If you are 50 or older, chances are high that you will have an osteoporosis-related bone fracture at some point in your lifetime. In fact, your chances are one in two for women and one in four for men. Although there are ways to treat it, once you have the condition, there is no cure. But according to the National Osteoporosis Foundation, osteoporosis is largely preventable for most.
The best defense against it is to adopt lifestyle changes before the age of 30 that promote strong bones later in life. Even if you are over 30 you can still take measures to prevent the worst consequences of osteoporosis. The National Osteroporis Foundation suggests these 5 combined steps:
Calcium and Vitamin D
Calcium is needed for the heart, muscles, and nerves to properly function, for blood to clot, and is needed to grow and maintain healthy bones. The NOF recommends getting the daily recommended amount of calcium which is between 1000 and 1300 mg/day and vitamin D between 400 and 800 IU/day. The best source of calcium is foods such a milk, cheese, and dark green leafy vegetables. If you can’t get all of the calcium you need through your diet, take a daily calcium supplement. Your body needs vitamin D in order to absorb the calcium. You can get Vitamin D in two ways: your skin manufactures it when exposed to direct sunlight, and it’s found in egg yolks, liver and fortified dairy products. You can also take a vitamin D supplement.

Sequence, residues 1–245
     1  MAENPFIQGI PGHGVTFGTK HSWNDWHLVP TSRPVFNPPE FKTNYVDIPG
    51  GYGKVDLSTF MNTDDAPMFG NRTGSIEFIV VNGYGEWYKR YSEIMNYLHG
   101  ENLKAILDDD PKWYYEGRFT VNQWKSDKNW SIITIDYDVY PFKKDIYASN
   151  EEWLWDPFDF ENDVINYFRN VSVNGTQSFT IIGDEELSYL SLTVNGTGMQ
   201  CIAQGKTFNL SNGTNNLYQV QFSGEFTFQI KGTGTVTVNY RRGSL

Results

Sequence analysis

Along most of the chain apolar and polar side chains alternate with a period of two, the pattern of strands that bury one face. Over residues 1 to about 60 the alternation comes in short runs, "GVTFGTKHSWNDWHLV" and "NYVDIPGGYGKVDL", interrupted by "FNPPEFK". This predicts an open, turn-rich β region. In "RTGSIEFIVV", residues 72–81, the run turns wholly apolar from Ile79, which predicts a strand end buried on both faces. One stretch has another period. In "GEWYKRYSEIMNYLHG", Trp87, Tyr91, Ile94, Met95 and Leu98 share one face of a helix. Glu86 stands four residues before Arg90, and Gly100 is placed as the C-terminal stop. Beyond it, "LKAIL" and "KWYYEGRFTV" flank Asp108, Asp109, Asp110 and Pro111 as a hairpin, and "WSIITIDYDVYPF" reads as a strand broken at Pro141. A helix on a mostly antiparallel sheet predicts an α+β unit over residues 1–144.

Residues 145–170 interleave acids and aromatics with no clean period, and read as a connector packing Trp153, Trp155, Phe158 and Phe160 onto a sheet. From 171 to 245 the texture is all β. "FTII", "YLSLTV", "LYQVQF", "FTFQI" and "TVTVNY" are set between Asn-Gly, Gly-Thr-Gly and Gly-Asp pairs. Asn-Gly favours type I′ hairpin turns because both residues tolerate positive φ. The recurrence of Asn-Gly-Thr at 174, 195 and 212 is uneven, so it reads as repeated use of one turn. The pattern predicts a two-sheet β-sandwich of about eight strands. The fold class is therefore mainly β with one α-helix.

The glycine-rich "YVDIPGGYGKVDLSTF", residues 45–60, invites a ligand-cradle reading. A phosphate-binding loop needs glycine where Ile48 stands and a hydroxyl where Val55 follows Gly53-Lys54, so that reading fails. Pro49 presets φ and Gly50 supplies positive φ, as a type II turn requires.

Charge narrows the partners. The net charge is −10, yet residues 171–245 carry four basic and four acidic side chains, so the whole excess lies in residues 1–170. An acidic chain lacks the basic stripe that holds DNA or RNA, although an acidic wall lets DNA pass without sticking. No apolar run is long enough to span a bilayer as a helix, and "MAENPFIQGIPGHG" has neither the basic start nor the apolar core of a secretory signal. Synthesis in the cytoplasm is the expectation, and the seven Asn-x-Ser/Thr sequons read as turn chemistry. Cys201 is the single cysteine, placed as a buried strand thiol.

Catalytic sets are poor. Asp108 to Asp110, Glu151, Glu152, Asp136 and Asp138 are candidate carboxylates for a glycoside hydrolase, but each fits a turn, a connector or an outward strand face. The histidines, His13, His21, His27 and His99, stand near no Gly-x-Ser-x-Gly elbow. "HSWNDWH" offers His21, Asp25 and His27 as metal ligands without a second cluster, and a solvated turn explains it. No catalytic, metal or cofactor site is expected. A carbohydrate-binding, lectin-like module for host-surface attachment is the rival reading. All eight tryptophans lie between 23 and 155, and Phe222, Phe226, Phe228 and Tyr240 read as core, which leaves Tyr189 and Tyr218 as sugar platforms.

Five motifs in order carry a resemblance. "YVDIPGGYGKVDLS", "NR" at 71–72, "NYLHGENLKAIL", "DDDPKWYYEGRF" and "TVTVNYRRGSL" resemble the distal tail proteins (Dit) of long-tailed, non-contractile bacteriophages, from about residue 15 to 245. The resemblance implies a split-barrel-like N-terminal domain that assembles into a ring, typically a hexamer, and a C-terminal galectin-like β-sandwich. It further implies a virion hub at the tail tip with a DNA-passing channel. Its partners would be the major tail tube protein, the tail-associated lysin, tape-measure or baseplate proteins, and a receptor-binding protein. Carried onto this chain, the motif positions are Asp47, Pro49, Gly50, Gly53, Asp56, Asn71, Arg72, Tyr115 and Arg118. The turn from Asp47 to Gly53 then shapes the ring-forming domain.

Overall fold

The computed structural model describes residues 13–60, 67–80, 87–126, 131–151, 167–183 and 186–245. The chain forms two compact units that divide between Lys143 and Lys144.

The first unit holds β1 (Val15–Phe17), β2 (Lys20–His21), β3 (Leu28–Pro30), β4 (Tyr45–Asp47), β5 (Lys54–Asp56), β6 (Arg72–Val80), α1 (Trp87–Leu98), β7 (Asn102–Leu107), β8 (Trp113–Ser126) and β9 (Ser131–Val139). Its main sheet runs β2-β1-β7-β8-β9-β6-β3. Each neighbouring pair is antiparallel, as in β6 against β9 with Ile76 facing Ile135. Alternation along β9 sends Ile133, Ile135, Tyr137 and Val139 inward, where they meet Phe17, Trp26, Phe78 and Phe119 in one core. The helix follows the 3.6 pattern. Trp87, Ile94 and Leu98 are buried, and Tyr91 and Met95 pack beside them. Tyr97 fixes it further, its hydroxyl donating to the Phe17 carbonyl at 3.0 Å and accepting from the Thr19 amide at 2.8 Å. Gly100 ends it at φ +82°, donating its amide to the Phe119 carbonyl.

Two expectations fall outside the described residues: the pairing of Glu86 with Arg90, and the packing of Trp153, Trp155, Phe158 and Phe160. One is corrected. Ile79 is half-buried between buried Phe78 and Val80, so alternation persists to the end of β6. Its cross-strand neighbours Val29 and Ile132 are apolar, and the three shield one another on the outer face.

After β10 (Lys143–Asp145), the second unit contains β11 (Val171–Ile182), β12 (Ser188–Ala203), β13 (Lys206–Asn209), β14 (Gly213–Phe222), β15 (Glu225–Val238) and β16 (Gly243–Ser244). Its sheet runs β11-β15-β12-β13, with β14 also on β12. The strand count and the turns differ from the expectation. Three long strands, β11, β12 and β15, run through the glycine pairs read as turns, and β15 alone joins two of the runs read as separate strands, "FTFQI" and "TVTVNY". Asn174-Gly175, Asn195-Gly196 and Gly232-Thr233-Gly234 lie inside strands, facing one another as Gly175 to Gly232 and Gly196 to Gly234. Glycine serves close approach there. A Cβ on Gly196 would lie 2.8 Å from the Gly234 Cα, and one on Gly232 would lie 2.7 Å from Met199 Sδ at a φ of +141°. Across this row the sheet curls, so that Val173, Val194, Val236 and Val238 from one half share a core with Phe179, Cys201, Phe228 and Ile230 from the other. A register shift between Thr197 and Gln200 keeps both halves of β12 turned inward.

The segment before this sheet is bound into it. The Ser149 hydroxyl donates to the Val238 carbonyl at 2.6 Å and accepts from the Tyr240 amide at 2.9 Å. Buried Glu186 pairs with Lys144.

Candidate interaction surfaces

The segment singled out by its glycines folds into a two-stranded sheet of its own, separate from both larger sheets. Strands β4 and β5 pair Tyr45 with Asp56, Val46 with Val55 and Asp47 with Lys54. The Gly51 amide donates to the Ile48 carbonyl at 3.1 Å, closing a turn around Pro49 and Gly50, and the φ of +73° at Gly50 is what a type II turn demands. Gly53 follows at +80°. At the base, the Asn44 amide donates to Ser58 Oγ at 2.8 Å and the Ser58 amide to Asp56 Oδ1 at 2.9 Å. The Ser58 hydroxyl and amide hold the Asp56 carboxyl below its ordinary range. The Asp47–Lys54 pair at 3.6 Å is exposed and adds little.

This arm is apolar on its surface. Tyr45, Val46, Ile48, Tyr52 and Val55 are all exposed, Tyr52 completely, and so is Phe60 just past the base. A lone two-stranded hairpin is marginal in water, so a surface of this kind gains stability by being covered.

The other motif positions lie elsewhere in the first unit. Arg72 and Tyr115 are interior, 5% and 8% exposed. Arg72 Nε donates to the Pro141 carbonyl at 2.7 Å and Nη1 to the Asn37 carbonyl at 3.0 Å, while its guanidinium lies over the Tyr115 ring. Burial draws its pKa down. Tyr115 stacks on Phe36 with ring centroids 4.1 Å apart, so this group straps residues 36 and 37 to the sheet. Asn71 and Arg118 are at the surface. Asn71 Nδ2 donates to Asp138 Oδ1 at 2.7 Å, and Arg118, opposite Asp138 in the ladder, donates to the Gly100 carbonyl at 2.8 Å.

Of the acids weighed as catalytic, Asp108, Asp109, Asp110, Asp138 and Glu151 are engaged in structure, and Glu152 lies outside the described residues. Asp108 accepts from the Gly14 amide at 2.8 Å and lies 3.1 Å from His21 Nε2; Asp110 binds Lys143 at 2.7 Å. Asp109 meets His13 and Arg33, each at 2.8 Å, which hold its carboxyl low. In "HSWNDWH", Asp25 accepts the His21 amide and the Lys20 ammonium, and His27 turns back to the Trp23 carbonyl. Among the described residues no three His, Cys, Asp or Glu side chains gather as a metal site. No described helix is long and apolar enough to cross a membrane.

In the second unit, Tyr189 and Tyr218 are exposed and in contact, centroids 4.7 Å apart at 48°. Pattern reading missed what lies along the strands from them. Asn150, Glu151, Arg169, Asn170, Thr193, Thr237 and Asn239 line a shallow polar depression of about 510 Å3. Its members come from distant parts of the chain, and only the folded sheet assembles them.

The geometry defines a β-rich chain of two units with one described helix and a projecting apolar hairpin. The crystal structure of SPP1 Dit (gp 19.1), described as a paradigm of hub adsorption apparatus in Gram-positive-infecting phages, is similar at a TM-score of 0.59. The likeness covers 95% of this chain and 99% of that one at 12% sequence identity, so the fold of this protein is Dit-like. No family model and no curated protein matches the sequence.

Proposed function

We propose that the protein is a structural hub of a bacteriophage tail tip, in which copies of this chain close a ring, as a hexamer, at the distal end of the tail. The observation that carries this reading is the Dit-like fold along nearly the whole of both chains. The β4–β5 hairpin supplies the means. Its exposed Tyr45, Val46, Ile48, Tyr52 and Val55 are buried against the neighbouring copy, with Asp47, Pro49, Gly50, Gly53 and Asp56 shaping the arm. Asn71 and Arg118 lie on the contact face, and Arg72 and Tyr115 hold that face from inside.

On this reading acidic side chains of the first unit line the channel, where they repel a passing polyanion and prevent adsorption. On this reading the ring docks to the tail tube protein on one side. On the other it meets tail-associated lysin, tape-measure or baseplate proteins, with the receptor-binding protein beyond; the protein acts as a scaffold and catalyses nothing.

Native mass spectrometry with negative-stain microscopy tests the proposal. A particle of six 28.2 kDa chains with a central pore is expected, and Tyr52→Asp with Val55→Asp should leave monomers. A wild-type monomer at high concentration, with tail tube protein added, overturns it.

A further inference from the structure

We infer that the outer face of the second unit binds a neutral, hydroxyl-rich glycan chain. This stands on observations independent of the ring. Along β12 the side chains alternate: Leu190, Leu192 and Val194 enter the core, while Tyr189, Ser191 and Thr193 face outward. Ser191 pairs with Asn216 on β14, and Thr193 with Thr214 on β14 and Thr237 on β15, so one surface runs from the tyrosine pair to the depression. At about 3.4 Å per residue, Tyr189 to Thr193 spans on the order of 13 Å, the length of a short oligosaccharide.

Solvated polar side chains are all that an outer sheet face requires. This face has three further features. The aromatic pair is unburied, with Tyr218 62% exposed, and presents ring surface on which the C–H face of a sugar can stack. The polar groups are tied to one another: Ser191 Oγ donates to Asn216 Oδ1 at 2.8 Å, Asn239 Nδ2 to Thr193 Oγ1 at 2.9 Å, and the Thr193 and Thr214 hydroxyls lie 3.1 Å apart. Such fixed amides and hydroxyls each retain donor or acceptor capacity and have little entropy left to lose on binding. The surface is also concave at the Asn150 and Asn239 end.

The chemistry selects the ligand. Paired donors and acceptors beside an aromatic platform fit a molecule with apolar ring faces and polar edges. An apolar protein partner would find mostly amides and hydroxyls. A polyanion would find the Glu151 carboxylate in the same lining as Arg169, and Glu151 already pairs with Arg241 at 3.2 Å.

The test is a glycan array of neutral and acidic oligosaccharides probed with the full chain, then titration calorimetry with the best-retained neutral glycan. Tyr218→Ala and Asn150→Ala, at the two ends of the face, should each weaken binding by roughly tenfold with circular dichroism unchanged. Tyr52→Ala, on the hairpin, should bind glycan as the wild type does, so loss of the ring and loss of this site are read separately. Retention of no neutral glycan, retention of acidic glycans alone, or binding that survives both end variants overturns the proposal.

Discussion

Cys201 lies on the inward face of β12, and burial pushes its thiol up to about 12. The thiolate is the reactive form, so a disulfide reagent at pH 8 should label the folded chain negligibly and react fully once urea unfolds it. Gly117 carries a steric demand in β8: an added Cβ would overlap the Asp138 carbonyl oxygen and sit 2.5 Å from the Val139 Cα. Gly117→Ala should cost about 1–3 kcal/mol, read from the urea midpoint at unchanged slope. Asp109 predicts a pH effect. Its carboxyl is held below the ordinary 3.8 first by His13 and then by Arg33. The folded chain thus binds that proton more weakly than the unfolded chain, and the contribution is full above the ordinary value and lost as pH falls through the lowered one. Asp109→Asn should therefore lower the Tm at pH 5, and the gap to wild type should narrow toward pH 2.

Building strong bones, earlier in life (before 30), can be the best defense against developing osteoporosis. Exercise is vital to good bone health. Exercise that places weight or resistance on your bones is recommended. Activates such as walking, jogging, stair-climbing, racquetball, tennis, and hiking are recognized as some of the best types of exercise to promote good bone health.
Get a Bone Density Test
A Bone Mineral Density test is the only way to diagnose osteoporosis and determine your risk for future fracture. The BMD measures the density of your bones (bone mass) and its value determines the need for medications to help maintain bone mass, prevent further bone loss, and reduce fracture risk.
Stop Smoking and Limit Alcohol Consumption
Smoking and alcohol are both high risk factors for osteoporosis. Smoking reduces the calcium absorption and has been associated with lower bone density. Also, those who drink large amounts of alcohol (over 50 units per week in men or 35 units in women) have a higher rate of osteoporosis. Therefore, smoking should be avoided and alcohol intake should be avoided or limited.
Speak to a Health Care Professional About Bone Health
Since osteoporosis is preventable, speak to your doctor about what you should be doing. Get prevention tips and information about diagnosis and treatment options. It’s sometimes called a “silent disease” since people are unlikely to know they have it unless a fracture occurs or they get bad results on a bone density test.
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